This difference tells us a story about our risk of pain, injury, or training plateaus. You can think of this gap as an area of instability because there’s no control or strength in all of this extra passive range. And it matters because if you’re moving in space (and possibly under load), without control or support, you’re asking for trouble.
We wonder why we “randomly” get hurt doing the simplest of tasks or hit a wall in our training when we’ve been consistent…it's because there’s all passive range, but not active.
The two most common scenarios we see in this gap are:
Example 1: You have a ton of passive range but don’t have enough active range.
Have you ever been in a yoga class and seen someone who’s Down Dog is the envy of every yogi in the room? Like, how did they get their arms past their head like that? This is a passive stretch where the weight of their upper body is pulling them down into deep shoulder flexion.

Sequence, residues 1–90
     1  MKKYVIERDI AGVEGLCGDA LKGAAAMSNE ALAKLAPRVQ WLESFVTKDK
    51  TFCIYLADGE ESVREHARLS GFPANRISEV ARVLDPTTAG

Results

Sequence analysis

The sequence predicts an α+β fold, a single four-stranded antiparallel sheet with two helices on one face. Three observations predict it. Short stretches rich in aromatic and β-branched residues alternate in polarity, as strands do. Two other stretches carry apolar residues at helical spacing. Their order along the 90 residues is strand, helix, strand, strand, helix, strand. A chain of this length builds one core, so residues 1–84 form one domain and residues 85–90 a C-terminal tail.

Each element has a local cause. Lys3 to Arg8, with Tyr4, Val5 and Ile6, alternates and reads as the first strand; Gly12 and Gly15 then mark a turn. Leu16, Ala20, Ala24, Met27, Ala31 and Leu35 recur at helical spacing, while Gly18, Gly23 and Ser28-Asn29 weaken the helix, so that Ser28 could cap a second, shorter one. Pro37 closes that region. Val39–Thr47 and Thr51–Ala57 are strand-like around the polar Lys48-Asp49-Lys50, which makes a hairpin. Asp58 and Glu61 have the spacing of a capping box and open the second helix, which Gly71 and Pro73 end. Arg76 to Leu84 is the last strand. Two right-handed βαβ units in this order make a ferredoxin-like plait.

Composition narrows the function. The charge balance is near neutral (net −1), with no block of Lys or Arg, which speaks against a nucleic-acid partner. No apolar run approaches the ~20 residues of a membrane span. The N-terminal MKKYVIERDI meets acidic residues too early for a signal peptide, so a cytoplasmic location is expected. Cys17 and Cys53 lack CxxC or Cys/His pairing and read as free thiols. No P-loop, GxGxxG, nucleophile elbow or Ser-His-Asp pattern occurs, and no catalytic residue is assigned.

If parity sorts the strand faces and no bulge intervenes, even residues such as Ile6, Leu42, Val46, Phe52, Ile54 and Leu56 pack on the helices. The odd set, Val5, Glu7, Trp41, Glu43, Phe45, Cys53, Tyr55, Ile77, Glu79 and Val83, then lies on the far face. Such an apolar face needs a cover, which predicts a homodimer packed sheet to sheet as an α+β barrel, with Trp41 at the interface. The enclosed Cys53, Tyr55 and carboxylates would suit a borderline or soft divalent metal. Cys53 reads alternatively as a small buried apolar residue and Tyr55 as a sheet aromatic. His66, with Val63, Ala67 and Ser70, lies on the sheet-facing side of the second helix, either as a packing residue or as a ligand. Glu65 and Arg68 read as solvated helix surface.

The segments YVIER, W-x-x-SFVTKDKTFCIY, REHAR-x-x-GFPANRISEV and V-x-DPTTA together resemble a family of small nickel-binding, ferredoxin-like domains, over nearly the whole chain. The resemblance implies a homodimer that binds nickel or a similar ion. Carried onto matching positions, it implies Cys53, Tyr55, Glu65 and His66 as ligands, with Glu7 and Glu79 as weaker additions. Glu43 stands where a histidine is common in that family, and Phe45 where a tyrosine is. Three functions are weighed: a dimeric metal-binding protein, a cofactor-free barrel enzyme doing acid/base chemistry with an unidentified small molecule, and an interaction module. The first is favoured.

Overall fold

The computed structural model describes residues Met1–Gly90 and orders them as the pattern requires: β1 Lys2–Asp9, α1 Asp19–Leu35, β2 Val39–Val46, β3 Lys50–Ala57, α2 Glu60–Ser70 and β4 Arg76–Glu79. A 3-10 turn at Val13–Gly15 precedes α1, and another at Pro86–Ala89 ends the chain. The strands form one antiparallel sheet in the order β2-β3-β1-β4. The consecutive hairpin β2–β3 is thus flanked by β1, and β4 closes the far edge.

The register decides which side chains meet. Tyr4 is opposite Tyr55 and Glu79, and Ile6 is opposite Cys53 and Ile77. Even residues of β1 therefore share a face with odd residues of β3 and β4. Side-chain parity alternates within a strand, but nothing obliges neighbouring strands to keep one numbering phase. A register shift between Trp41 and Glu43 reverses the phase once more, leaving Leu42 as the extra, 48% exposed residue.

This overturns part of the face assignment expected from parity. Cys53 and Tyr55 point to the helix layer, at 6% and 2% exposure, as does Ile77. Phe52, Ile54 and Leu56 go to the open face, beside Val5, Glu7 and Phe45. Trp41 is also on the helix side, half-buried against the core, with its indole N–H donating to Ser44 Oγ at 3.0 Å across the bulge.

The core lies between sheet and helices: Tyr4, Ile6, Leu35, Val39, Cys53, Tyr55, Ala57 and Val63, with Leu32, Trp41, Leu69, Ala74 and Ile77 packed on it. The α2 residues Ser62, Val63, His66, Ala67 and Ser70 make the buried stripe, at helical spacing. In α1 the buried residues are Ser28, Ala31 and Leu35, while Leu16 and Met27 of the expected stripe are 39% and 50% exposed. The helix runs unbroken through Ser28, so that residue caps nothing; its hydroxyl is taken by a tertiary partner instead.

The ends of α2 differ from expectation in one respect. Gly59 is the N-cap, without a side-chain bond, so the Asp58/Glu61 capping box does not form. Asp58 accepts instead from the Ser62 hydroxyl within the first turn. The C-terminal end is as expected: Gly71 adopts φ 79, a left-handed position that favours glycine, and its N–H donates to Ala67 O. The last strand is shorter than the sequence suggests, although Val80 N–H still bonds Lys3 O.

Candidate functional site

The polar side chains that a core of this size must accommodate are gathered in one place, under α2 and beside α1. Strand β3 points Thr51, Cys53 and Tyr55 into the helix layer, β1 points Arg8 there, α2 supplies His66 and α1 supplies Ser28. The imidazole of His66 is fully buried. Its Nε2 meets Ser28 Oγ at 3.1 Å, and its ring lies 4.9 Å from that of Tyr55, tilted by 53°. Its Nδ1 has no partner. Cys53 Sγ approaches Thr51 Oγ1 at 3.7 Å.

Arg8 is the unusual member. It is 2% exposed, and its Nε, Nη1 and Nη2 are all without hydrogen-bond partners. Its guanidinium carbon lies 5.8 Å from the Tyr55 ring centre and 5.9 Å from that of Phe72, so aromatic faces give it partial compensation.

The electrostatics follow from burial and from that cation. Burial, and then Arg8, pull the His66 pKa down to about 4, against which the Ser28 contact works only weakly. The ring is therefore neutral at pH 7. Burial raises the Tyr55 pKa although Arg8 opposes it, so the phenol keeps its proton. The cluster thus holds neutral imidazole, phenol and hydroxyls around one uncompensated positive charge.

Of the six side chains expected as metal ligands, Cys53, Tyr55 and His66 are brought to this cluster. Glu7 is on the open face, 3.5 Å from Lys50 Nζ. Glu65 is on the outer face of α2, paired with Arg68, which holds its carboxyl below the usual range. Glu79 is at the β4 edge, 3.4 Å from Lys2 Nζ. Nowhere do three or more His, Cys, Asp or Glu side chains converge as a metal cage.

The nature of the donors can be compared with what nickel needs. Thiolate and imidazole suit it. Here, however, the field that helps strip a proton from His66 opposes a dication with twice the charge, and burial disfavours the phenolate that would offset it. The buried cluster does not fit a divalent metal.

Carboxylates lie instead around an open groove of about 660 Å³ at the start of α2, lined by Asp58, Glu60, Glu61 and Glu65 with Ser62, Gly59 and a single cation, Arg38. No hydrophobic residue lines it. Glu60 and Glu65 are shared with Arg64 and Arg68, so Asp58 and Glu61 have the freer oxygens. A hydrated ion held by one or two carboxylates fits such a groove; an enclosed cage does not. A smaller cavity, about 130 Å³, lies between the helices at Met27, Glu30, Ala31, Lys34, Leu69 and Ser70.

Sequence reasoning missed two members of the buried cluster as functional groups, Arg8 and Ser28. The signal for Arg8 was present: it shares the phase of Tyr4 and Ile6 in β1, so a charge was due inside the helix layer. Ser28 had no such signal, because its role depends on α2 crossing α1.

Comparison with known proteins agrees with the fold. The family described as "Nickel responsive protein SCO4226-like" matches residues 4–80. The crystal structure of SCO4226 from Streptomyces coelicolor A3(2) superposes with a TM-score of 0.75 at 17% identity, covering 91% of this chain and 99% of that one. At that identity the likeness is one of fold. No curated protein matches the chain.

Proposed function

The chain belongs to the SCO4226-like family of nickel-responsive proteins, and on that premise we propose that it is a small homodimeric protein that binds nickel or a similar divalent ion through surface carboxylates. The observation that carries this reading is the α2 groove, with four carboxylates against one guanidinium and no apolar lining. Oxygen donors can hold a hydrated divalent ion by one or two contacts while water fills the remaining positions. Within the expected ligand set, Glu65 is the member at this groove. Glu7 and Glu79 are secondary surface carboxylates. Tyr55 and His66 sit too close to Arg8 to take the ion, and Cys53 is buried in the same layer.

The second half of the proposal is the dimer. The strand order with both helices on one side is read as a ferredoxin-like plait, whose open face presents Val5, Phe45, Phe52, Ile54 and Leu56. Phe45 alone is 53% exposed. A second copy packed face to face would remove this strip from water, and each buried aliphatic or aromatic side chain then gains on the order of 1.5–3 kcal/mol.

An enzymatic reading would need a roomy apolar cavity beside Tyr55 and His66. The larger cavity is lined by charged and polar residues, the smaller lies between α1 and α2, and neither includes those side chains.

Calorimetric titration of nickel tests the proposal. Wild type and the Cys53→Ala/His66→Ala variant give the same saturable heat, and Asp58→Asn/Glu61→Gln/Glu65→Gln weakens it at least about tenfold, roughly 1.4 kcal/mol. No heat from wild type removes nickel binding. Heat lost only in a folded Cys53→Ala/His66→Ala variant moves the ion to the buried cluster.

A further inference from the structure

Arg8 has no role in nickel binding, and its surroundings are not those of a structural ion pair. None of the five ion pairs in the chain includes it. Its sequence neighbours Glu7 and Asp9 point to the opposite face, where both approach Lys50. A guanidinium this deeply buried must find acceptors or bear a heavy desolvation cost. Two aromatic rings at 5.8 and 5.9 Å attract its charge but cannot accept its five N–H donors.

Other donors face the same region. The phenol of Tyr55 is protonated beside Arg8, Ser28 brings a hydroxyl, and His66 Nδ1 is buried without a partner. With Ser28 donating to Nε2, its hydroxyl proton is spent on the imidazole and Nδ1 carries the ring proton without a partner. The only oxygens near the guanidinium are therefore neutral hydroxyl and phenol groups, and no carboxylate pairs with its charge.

It’s pretty impressive however, if they stand up and try to put their arms overhead and can’t get them in line with their ears, this demonstrates a lack of active range of motion and is where you see that gap between too much passive and not enough active.
You might be thinking, “Ok, so what?”. The issues start when that same person jumps up to a pull-up bar, loading an uncontrollable range of motion with their body weight. The tissues and even the joints aren’t prepared to handle this. But the body will figure out a way and will start to compensate by using other joints to help accomplish the task. This will eventually result in aches, pain, and injuries.
Example #2: You don’t have enough passive AND active range to get into a position.
Being inflexible and not having strength or control is a recipe for disaster but it’s something we often ignore, especially when it comes to strength training. In my earlier years of lifting I was totally guilty of not having enough passive and active range to get into lifts like the squat.